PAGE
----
LNG supply: US energy giant helps Pakistan, Qatar reach deal

Ministry officials went to Dubai and London for talks with ConocoPhillips.

Zafar Bhutta July 25, 2012


US energy giant ConocoPhillips is mediating between Pakistan and Qatar to enable them to strike a multi-billion-dollar liquefied natural gas (LNG) deal, in an apparent attempt to drive Islamabad away from the Iran-Pakistan (IP) gas pipeline project due to tensions between the West and Tehran.

An official of the Ministry of Petroleum and Natural Resources told The Express Tribune that the Qatari government had designated ConocoPhillips to clinch an LNG supply deal with Pakistan.

Earlier, Qatar had asked Shell to finalise the LNG contract with Pakistan, which could not be reached due to controversy over the Mashal LNG import project.

According to sources, high-ups of the petroleum ministry went to Dubai and London this month to hold negotiations with representatives of the US energy company on the terms of LNG contract.

“Former US Secretary of State Richard Armitage is a member of the board of ConocoPhillips and playing a role to help Pakistan and Qatar reach an agreement,” a senior government official said. This may force the government to shelve the IP pipeline project, he said.

Headquartered in Houston (Texas), ConocoPhillips has operations in about 30 countries and has a 30% share in oil and gas reserves being explored under the Qatargas-III project in the North Field near the Iranian border from where LNG will be supplied to Pakistan.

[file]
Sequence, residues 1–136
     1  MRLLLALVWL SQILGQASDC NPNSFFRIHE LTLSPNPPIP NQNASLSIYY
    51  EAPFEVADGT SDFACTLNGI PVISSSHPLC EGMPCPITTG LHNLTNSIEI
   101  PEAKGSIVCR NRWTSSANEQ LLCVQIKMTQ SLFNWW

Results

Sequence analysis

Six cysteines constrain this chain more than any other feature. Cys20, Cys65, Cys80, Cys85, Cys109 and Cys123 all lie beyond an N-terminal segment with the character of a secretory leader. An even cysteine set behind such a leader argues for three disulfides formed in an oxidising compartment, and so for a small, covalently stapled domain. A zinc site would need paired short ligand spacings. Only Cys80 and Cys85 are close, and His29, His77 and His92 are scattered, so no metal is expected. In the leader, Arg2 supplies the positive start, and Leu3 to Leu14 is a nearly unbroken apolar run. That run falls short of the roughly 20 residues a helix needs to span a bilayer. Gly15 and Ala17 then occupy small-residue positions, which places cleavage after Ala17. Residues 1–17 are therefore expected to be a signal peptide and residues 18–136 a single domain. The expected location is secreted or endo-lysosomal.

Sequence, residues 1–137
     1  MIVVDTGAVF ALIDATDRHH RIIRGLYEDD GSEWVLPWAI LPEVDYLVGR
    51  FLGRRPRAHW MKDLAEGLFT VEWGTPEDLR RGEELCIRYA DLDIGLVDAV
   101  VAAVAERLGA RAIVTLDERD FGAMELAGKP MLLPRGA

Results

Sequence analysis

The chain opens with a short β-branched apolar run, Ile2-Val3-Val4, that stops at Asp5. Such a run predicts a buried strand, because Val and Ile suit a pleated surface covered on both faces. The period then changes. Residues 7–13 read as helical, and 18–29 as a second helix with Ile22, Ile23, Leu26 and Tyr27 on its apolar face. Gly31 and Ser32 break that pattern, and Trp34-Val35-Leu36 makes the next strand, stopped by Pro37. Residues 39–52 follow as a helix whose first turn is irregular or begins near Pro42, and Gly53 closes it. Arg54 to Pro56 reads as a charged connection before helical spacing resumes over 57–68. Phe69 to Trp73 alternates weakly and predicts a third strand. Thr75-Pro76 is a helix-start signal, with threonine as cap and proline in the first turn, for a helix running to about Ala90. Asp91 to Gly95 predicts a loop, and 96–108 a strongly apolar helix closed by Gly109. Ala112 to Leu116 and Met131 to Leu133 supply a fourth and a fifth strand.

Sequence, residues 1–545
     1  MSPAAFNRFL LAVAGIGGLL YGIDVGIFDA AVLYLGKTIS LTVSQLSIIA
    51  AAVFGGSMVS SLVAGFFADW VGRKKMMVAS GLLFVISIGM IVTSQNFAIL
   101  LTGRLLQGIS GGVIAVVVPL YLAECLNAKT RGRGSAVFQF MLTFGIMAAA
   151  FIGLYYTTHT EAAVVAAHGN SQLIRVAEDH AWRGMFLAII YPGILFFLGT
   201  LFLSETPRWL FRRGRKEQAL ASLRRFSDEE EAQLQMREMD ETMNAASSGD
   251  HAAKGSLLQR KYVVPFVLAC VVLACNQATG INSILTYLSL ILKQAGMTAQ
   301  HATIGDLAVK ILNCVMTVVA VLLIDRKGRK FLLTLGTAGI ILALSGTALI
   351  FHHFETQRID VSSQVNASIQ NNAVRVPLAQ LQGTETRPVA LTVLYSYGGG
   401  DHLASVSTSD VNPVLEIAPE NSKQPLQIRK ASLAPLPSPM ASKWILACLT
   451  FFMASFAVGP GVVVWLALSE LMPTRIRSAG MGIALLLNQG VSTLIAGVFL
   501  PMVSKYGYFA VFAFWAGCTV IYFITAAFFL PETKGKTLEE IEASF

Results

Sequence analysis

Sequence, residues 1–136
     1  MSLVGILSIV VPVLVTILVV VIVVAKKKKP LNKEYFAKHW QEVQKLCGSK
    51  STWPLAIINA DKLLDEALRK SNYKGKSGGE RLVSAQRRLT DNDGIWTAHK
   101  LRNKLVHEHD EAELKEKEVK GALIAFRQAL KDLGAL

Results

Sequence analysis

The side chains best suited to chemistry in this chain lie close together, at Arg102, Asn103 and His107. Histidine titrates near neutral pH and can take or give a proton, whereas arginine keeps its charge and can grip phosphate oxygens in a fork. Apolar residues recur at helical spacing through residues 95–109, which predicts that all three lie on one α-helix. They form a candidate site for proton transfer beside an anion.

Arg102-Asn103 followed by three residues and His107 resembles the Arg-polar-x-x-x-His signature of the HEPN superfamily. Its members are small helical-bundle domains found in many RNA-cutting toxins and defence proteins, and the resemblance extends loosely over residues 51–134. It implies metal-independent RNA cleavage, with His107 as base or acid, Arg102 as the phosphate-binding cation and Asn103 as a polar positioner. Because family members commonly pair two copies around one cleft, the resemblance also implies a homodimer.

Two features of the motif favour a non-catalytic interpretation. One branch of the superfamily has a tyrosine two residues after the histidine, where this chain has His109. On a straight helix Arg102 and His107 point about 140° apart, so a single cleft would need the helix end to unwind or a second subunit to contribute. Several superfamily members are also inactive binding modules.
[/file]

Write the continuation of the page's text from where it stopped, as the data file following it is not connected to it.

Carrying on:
Under the IP pipeline project, Pakistan will get gas from Iran’s South Pars field, the world’s largest gas field situated along the Iranian border with Qatar in the Persian Gulf. The Qatari side of the field is called the North Field.

According to reports, delay and low production by Iran may shift some gas reserves to the Qatari side and lead to loss of yield due to low field pressure.

Pakistan and Qatar have already signed a memorandum of understanding, under which Islamabad will import 500 million cubic feet per day (mmcfd) of LNG to generate 2,500 megawatts of electricity.

According to the term sheet, Qatar had demanded a price of $18 per million British thermal units (mmbtu) for LNG supply. In response, Pakistan quoted a price of $10 per mmbtu.

“Pakistan and ConocoPhillips are discussing terms of the agreement and price is also part of the discussion,” the government official said.

US embassy officials in Pakistan have also been lobbying and holding meetings with stakeholders of the power and energy sector to try to convince them that the Iran gas project will not be viable for Pakistan.

The US diplomats stress that Pakistan should shelve the IP project, terming it ‘bad’ and call for inking an LNG deal with Qatar to meet the country’s pressing energy needs.

“Pakistan should shelve the IP gas pipeline project and move ahead with LNG deals,” a US diplomat said on condition of anonymity.

The petroleum ministry is also receiving technical help from USAID consultants for LNG import.

Published in The Express Tribune, July 26th, 2012.